Structure of azete

I’m confused, because it seems like Hückel’s rule is satisfied (two electrons from the nitrogen lone pair and four from the double bonds) and that the molecule should be aromatic. Where am I going wrong here?


2 Answers 2


The compound is anti-aromatic. While counting the number of π-electrons, you count the electrons which are delocalized over the ring. In this case the nitrogen lone pair is localised and does not participate in resonance. The nitrogen lone pair is in an $\mathrm{sp^2}$ orbital (red) which is orthogonal to the π system (blue):

Orbitals in azete

So, the total number of π-electrons is only four: two from each double bond.

Please read this for a better understanding : http://www.chem.ucla.edu/harding/ec_tutorials/tutorial04.pdf


The rule for lone pairs in this situation goes like this: you put one lone pair into the conjugated circuit if the atom otherwise has no pi bond into the ring. Any other lone pairs after you've done that are localized in outward pointing orbitals. Here the nitrogen already has a pi bond into the ring, so the lone pair is outward pointing and you can't get to the six conjugated ring electrons you wanted.

  • $\begingroup$ Wouldn't a better explanation be that the nitrogen atom here with a pi bond can be either sp or sp2 hybridized, and in most cases, such as this one, an sp hybridization would cause too much ring strain, leading to an sp2 hybridization, which makes the nitrogen lone pair localized and thus unable to participate in conjugation? I don't see why theoretically every nitrogen with a pi bond has to have it's lone pair in a localized orbital if something like ring strain is absent, though I'm guessing that's rarely (or maybe even never) the case practically. $\endgroup$ Commented Dec 27, 2020 at 15:14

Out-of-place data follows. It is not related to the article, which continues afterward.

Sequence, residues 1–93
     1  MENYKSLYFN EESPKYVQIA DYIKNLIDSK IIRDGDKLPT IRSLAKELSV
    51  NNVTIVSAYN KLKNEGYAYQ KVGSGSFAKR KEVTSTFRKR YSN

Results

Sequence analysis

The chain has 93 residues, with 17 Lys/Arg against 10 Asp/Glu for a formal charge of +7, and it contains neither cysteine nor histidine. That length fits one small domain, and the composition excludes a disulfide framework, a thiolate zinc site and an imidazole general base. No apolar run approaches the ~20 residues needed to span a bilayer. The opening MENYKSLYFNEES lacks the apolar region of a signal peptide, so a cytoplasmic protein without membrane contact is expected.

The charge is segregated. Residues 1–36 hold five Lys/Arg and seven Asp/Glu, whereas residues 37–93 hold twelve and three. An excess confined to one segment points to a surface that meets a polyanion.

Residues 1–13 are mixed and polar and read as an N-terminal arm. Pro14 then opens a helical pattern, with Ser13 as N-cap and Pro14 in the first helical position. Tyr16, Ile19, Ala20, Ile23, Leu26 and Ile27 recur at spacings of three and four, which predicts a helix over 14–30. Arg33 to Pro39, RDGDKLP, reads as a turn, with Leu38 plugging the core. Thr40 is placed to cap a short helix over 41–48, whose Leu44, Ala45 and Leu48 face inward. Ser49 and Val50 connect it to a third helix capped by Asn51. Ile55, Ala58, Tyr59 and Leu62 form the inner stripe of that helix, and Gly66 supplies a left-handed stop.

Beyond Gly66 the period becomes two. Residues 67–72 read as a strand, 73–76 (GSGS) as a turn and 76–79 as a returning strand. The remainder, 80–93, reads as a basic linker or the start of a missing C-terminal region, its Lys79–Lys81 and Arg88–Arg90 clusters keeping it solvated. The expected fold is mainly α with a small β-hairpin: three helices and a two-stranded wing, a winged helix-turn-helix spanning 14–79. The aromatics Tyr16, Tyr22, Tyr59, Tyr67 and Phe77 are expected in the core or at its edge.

• 1
    $\begingroup$ Even if sp hybridization were allowed it still would not work. Pi orbitals can be conjugated into the ring only if they are properly oriented, and when you have only s and p valence orbitals to work with there is only one properly orbital per atom. So if you have a pi orbital into the ring you're done. $\endgroup$ Commented Dec 27, 2020 at 15:36
  • $\begingroup$ Ahh, I get it now. $\endgroup$ Commented Dec 27, 2020 at 15:43

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